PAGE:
In addition, the Gaussian kernel (see Fig. 4) applied before the derivation calculation process provides a slight increase in performance in practice.

Fig. 4. Gaussian kernel visualization

 Gaussian kernel visualization

The derived image is divided into cells at the next step of the application. Each pixel in the cells uses a weighted game that specifies the direction of the derivative on the histogram divided by 0-180 or 0-360. The voting weight itself can be a derivative or a function of a derivative, but usually the derivative at Eq. (3):

X - μ σ .

The blocks are then typically formed into rectangular or circular blocks. Rectangular blocks are preferred in this project. Blocks can be on top of each other, so a cell can provide data to more than one block. The data passes through a separate normalization process after being collected in blocks. L1-norm is preferred for this application (see Eq. (4)):

L 1 - n o r m : f = v ( ϑ 1 + e ) .

2.2. Support vector machines (SVM)

The SVM core function is very similar to the logistic regression, that is to divide the data into groups, dividing a p-dimensional data group with a (p-1)-dimensional hyperplane. But the most important feature that differentiates the SVM from the logistic regression and puts it ahead of practice in performance is that SVM tries to maximize the gap between different data groups (see Fig. 5(a)). This approach offers a much more distinctive distinction between data groups.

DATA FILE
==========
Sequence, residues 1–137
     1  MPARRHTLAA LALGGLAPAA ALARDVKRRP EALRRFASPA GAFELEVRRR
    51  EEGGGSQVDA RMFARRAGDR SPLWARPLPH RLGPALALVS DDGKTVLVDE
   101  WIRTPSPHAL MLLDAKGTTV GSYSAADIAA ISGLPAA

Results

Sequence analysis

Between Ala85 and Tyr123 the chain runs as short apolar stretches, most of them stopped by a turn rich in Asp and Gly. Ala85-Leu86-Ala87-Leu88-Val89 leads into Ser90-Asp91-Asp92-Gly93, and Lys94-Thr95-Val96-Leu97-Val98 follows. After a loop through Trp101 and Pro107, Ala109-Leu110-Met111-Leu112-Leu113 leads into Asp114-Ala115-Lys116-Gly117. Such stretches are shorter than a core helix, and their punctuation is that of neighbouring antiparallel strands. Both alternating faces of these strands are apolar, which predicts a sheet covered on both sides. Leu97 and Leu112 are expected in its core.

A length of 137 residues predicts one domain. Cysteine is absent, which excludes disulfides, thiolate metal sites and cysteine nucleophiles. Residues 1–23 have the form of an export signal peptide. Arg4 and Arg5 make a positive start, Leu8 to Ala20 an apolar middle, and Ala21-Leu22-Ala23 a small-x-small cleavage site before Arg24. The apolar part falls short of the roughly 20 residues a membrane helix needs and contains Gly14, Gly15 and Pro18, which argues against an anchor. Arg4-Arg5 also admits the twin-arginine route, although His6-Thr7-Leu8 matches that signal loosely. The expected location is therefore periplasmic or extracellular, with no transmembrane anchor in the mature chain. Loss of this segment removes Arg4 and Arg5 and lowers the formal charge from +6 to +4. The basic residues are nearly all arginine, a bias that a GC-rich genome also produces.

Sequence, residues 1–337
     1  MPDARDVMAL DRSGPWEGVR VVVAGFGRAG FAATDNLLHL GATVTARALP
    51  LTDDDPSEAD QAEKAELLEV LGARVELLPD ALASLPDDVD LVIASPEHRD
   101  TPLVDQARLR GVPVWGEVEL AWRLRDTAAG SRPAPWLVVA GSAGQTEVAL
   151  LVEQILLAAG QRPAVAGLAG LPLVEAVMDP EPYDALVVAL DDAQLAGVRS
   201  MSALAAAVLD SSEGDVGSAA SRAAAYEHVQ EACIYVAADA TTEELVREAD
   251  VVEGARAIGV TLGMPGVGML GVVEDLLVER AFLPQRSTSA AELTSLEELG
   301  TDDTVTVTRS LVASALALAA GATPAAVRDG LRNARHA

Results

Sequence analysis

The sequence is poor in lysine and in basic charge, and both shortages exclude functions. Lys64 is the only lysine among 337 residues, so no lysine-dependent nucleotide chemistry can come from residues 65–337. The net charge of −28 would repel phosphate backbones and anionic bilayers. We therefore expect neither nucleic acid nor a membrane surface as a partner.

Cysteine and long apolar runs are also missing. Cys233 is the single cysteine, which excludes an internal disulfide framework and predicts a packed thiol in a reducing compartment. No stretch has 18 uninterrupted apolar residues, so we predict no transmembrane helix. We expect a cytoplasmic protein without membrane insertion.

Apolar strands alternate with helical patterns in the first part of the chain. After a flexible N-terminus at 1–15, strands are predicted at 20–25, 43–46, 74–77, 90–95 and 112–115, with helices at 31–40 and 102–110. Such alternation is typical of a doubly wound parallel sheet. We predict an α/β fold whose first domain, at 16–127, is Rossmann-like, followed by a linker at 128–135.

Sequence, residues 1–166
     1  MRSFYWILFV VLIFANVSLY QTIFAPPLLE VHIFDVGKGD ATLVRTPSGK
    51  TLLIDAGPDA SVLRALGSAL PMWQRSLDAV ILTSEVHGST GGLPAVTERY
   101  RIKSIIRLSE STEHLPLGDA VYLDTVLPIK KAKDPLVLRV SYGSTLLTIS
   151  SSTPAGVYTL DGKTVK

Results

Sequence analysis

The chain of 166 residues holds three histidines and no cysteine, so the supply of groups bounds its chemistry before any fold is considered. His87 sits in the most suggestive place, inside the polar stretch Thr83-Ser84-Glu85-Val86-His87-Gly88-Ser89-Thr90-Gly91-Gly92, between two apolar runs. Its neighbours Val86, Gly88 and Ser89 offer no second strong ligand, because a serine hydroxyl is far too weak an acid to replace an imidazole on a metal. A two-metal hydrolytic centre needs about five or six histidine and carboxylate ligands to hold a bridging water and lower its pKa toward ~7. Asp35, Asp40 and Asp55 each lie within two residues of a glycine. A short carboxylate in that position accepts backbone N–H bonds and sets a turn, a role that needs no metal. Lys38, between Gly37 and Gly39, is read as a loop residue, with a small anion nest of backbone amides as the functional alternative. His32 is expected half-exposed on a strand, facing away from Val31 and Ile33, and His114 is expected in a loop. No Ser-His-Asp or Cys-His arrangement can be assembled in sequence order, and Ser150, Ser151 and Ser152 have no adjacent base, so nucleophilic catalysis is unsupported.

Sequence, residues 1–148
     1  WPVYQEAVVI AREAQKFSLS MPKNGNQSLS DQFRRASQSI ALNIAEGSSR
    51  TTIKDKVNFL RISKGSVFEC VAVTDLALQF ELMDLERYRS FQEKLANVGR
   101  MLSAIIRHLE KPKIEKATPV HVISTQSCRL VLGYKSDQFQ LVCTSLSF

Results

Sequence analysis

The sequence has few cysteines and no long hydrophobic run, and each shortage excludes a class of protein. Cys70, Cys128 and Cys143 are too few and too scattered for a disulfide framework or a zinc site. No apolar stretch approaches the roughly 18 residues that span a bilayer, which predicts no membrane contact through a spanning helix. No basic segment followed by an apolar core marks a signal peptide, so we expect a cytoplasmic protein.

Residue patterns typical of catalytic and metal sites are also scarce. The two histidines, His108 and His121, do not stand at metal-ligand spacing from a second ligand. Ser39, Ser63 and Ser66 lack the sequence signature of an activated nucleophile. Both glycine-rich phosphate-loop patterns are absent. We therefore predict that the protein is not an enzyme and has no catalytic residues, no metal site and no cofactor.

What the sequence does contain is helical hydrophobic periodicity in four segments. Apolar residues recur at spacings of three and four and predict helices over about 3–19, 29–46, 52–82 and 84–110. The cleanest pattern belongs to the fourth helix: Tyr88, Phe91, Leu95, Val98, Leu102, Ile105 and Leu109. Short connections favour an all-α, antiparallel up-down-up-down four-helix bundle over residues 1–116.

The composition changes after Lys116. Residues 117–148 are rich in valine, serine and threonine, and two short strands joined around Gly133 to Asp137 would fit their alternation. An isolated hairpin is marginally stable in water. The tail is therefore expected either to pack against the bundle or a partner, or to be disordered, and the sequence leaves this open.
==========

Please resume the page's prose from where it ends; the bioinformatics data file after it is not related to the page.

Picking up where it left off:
Once collected, the histograms separated by the greatest difference from the others should be locally normed so that they do not affect the final result alone. It is better to use standard deviation instead of arithmetic average for normalization itself is the most accurate result.

SVM minimizes the error function shown below to ensure that we obtain the necessary parameters and obtain a hyperplane that separates the data into groups (see Fig. 5(b)).

However, with this method, points that are far from where it should be at hyperplanes can affect the end result. To avoid this, a one-dimensional Gaussian kernel centered on the hyperplane is used. Weights are obtained for each data point and the effect of distant points is reduced compared to the nearest point.

Fig. 5. a) SVM convergence, b) maximum margin and support vectors

 a) SVM convergence, b) maximum margin and support vectors


 a) SVM convergence, b) maximum margin and support vectors


2.3. Principal component analysis (PCA)

PCA can be thought of as fitting n-dimensional ellipsoid into data. Each axis length of ellipsoid represents a principal component. If an axis length of ellipsoid is short, the data point distribution along that axis is too small, and if the short axis is removed from the data we lose very little data (see Fig. 6(a)).

Fig. 6. a) PCA of a multivariate Gaussian distribution, b) PCA implementation

 a) PCA of a multivariate Gaussian distribution, b) PCA implementation